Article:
River Catchments - FOWEY and LERRYN
The River Fowey is one of the largest river catchments in south Cornwall, draining an area of approximately 177.5km² from central and southern Bodmin Moor. Importantly, the catchment includes two strategic reservoirs - Colliford and Siblyback - which supply water to a large part of the county's population. The river rises on Bodmin Moor at a height of 290m, flowing in a southerly direction for approximately 35km before reaching the tidal limit at Lostwithiel. The estuary continues for a further 9km before reaching the coast at Fowey town. There are several tributaries that enter the Fowey estuary, the largest of which is the River Lerryn.
The geology of the Fowey catchment varies from igneous granite on Bodmin Moor, through to Devonian slates in the middle reaches and Straddon grits and Meadford beds in the lower part of the catchment.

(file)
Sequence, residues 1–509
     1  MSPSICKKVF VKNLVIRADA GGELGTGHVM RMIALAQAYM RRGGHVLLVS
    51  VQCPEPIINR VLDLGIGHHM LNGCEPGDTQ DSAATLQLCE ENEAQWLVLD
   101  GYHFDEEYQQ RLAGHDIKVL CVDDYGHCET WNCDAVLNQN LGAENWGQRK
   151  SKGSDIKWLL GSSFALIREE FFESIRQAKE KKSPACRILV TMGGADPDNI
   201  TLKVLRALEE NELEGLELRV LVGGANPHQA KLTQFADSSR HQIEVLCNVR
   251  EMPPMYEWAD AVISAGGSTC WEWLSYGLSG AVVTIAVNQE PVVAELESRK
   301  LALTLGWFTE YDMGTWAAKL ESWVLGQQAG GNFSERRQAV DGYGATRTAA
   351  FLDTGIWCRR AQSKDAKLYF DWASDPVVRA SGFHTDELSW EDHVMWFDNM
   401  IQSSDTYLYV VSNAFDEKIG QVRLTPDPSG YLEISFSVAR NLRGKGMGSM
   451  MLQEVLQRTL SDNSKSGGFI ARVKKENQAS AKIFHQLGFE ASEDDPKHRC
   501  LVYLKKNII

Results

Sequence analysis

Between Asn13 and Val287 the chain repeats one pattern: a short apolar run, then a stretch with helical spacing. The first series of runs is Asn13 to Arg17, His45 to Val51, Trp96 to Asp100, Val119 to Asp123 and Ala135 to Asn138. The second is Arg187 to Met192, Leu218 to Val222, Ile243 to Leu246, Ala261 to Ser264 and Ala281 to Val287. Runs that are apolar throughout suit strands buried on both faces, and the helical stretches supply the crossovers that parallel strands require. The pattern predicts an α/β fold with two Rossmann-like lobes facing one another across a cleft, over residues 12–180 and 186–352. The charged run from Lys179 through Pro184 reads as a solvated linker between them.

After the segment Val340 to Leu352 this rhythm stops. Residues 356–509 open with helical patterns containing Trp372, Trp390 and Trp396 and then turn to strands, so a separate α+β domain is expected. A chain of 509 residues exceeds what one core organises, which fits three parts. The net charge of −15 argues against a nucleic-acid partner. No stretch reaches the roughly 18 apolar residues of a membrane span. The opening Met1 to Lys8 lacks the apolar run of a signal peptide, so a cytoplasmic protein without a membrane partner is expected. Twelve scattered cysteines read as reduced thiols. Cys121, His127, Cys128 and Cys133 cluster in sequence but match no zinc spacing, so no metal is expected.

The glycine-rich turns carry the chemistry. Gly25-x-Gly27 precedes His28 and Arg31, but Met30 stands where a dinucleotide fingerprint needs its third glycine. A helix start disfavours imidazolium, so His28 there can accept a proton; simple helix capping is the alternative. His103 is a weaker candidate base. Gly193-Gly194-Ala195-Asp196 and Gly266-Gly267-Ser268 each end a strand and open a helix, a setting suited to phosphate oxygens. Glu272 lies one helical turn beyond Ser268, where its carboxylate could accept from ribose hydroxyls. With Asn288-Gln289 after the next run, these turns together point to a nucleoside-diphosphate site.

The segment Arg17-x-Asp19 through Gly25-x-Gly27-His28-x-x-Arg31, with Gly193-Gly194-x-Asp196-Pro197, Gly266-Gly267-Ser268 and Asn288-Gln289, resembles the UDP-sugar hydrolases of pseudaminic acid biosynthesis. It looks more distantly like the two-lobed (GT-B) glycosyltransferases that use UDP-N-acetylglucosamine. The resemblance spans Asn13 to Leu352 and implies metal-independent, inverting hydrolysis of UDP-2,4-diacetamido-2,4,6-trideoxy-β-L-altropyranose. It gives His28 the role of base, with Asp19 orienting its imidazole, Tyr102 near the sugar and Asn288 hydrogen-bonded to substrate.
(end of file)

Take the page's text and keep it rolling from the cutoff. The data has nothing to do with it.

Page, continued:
Copper and china clay mining have been major activities within the catchment, leading to contamination from metalliferous compounds and sediment. Although contamination levels are no longer considered to cause major water quality problems, disused china clay mines continue to act as a source of suspended solids.
Over 98 land management plans have been written for landowners, riparian owners and angling clubs in the Fowey and Lerryn catchments, covering an area of 4,967 hectares. In the Fowey catchment alone, some 15.15 km of riverbank has been fenced to protect the banks and downstream fishery.
Upper Fowey - Previous land drainage works on the headwaters of the Fowey opened sand lenses and resulted in sand intrusion into the river. This resulted in the smothering of cobbles, creating problems within Salmonid spawning areas, filling and shallowing of holding pools and a potential increase of sedimentation of the Fowey estuary. No farm visits were initiated above Palmers Bridge, Bolventor owing to outstanding EA litigation issues; however, friendly contacts have been made above Palmers Bridge.